Arts and Features Editor
The Midnight Cool rhythmically canters through the mind, impacting the surface of familiar reality upon hard footfalls of moral dilemma and vivid southern imagery.
Author and Nashville native Lydia Peelle said her first novel took much longer to hit the shelves than expected.
“After seven years, I am just thrilled it is out in the world,” Peelle said.
The timing proves quite relevant as the 100th anniversary of America’s entrance into the first world war arrives this April. This is where The Midnight Cool pulls the imagination, straight into the lives of horse-trading companions in 1916 Tennessee.
“Though it is set 100 years in the past, this is very much a story of our time,” the award-winning author said. “For me, it is a current story.”
The plot trails Billy, a sharp-witted Irish immigrant and Charles whose love story ensnares readers deeper into a narrative of humor, big decisions and bad luck. It is their relationship with each other and with themselves that makes each page turn, almost on its own.
“I think this is a good time to stop and reflect on war and America’s history, and our roles as citizens to have a voice,” Peelle said.
Peelle said the novel addresses familiar issues like xenophobia. Her endearing central characters also begin to face a conflict between personal liberties and civic responsibilities as they are pulled, by way of mule, into a volatile political landscape.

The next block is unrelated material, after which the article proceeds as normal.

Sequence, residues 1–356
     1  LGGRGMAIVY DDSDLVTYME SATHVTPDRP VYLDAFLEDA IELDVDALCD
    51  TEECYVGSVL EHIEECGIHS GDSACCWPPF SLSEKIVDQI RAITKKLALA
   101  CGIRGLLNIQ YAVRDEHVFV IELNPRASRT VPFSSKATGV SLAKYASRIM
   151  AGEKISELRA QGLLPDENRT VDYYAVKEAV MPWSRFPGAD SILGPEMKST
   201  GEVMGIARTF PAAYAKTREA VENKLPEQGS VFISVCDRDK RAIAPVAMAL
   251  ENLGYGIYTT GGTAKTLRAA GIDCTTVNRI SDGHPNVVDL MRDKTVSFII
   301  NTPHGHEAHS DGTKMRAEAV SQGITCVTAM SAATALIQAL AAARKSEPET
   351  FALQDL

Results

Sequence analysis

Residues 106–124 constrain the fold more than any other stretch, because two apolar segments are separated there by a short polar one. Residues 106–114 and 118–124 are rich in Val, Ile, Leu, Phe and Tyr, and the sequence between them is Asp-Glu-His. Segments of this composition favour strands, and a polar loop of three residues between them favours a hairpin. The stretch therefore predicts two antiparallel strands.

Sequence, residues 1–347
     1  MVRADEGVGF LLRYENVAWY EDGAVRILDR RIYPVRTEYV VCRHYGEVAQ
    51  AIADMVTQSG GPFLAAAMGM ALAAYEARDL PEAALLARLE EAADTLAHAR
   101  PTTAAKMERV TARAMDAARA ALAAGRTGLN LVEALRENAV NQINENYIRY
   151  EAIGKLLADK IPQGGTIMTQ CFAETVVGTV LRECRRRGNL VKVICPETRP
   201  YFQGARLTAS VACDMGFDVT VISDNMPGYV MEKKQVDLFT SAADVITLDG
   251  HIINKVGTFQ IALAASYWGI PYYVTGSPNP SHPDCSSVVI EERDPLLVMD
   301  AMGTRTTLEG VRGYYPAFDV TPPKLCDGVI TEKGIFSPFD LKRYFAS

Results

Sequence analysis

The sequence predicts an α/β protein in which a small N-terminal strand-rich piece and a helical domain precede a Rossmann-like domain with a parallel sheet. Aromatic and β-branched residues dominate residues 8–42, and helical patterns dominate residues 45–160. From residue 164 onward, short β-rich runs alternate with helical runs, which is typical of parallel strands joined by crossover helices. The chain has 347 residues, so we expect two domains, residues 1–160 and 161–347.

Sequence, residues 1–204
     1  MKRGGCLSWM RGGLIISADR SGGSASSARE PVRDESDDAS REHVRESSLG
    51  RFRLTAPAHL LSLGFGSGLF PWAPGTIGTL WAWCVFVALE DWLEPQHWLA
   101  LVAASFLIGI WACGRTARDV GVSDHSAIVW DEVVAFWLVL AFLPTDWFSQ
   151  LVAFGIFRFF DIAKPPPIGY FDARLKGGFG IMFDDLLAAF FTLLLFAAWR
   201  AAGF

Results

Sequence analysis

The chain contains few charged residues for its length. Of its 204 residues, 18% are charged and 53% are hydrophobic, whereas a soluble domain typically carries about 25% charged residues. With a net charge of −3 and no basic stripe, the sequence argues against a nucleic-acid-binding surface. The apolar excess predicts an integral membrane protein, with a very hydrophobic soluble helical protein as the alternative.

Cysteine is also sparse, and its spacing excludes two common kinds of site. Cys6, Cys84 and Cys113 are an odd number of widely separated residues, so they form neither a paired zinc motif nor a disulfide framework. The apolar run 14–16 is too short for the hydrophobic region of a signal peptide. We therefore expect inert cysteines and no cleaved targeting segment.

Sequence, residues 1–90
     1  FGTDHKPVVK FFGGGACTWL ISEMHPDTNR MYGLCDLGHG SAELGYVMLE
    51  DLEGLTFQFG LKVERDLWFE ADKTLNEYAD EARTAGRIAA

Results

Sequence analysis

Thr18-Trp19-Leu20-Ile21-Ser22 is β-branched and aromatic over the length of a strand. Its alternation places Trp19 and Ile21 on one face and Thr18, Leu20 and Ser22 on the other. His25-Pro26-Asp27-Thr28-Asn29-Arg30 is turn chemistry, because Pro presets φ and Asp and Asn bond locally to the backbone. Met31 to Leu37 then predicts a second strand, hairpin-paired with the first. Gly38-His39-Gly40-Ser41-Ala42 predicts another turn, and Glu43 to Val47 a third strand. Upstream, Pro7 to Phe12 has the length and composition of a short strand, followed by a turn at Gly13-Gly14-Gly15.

The arresting equine depictions in The Midnight Cool provide a deeply emotional insight into the minds of the human characters.
“Horses are huge in my imagination,” Peelle said. “Human and non-human relationships can create so much magic.”
Captured by a fascination with her grandfather’s empty barn that in times past held many animals, Peelle began writing at a young age.
“I can safely say I have been writing all my life,” she said.
Peelle hit the road about two weeks ago on a multimedia book tour titled The Midnight Cool Revue which is heading to Asheville on Sunday.
The event will feature a slideshow and music to accompany a reading of her novel and will take place 3 pm at Malaprops.
Peelle’s husband, Ketch Secor of Old Crow Medicine Show, will provide some timely tunes during the event.
“Asheville is one of our favorite places. I have been through a few times with my husband’s band and we love it,” Peelle said.
Though the novel is absorbing in its own right, Peelle said she hopes the multimedia experience will further engage audience members with the time period and environment of The Midnight Cool.